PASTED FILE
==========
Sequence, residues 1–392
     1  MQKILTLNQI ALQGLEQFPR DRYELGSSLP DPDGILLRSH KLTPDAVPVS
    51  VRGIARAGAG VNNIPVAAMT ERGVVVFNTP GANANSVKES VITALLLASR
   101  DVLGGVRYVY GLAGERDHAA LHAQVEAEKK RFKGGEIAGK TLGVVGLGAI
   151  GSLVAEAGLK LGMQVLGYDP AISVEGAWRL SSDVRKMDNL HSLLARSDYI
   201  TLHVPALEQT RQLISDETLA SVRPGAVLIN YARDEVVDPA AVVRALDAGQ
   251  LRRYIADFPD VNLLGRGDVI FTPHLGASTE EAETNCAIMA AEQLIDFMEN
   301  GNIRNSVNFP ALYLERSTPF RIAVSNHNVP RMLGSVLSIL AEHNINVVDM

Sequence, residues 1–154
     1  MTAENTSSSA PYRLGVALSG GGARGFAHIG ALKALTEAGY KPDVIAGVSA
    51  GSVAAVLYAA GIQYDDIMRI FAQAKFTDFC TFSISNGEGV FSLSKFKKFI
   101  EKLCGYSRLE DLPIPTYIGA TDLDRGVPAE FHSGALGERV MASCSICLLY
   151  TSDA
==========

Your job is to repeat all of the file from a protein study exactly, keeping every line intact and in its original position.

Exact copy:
Sequence, residues 1–392
     1  MQKILTLNQI ALQGLEQFPR DRYELGSSLP DPDGILLRSH KLTPDAVPVS
    51  VRGIARAGAG VNNIPVAAMT ERGVVVFNTP GANANSVKES VITALLLASR
   101  DVLGGVRYVY GLAGERDHAA LHAQVEAEKK RFKGGEIAGK TLGVVGLGAI
   151  GSLVAEAGLK LGMQVLGYDP AISVEGAWRL SSDVRKMDNL HSLLARSDYI
   201  TLHVPALEQT RQLISDETLA SVRPGAVLIN YARDEVVDPA AVVRALDAGQ
   251  LRRYIADFPD VNLLGRGDVI FTPHLGASTE EAETNCAIMA AEQLIDFMEN
   301  GNIRNSVNFP ALYLERSTPF RIAVSNHNVP RMLGSVLSIL AEHNINVVDM

Sequence, residues 1–154
     1  MTAENTSSSA PYRLGVALSG GGARGFAHIG ALKALTEAGY KPDVIAGVSA
    51  GSVAAVLYAA GIQYDDIMRI FAQAKFTDFC TFSISNGEGV FSLSKFKKFI
   101  EKLCGYSRLE DLPIPTYIGA TDLDRGVPAE FHSGALGERV MASCSICLLY
   151  TSDA